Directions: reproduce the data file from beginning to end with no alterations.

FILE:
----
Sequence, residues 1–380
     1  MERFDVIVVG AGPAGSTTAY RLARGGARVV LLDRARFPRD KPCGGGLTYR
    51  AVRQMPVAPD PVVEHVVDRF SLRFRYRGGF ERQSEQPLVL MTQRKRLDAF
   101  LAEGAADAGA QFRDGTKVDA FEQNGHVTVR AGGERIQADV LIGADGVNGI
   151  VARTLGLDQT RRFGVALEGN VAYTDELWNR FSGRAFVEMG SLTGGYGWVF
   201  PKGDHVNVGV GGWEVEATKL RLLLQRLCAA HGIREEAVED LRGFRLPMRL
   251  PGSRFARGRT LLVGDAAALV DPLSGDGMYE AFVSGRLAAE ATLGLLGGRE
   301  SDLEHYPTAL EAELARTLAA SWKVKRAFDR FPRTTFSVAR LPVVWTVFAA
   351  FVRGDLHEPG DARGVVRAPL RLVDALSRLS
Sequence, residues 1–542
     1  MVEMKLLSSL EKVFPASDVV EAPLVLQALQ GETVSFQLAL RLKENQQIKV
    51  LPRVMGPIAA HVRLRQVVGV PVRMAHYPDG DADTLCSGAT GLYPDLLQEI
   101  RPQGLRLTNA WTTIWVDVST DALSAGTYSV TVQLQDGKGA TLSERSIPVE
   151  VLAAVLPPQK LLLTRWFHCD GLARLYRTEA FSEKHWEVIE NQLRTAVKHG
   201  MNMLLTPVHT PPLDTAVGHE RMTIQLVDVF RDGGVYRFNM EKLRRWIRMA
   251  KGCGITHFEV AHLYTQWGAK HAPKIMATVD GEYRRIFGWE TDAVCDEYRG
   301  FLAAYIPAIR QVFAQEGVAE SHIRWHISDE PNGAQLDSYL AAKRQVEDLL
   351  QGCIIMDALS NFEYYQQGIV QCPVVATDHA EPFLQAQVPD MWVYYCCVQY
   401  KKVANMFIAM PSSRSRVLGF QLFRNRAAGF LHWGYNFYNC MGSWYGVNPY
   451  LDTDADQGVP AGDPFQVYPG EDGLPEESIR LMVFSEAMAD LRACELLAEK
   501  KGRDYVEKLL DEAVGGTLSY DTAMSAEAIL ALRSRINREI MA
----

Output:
Sequence, residues 1–380
     1  MERFDVIVVG AGPAGSTTAY RLARGGARVV LLDRARFPRD KPCGGGLTYR
    51  AVRQMPVAPD PVVEHVVDRF SLRFRYRGGF ERQSEQPLVL MTQRKRLDAF
   101  LAEGAADAGA QFRDGTKVDA FEQNGHVTVR AGGERIQADV LIGADGVNGI
   151  VARTLGLDQT RRFGVALEGN VAYTDELWNR FSGRAFVEMG SLTGGYGWVF
   201  PKGDHVNVGV GGWEVEATKL RLLLQRLCAA HGIREEAVED LRGFRLPMRL
   251  PGSRFARGRT LLVGDAAALV DPLSGDGMYE AFVSGRLAAE ATLGLLGGRE
   301  SDLEHYPTAL EAELARTLAA SWKVKRAFDR FPRTTFSVAR LPVVWTVFAA
   351  FVRGDLHEPG DARGVVRAPL RLVDALSRLS
Sequence, residues 1–542
     1  MVEMKLLSSL EKVFPASDVV EAPLVLQALQ GETVSFQLAL RLKENQQIKV
    51  LPRVMGPIAA HVRLRQVVGV PVRMAHYPDG DADTLCSGAT GLYPDLLQEI
   101  RPQGLRLTNA WTTIWVDVST DALSAGTYSV TVQLQDGKGA TLSERSIPVE
   151  VLAAVLPPQK LLLTRWFHCD GLARLYRTEA FSEKHWEVIE NQLRTAVKHG
   201  MNMLLTPVHT PPLDTAVGHE RMTIQLVDVF RDGGVYRFNM EKLRRWIRMA
   251  KGCGITHFEV AHLYTQWGAK HAPKIMATVD GEYRRIFGWE TDAVCDEYRG
   301  FLAAYIPAIR QVFAQEGVAE SHIRWHISDE PNGAQLDSYL AAKRQVEDLL
   351  QGCIIMDALS NFEYYQQGIV QCPVVATDHA EPFLQAQVPD MWVYYCCVQY
   401  KKVANMFIAM PSSRSRVLGF QLFRNRAAGF LHWGYNFYNC MGSWYGVNPY
   451  LDTDADQGVP AGDPFQVYPG EDGLPEESIR LMVFSEAMAD LRACELLAEK
   501  KGRDYVEKLL DEAVGGTLSY DTAMSAEAIL ALRSRINREI MA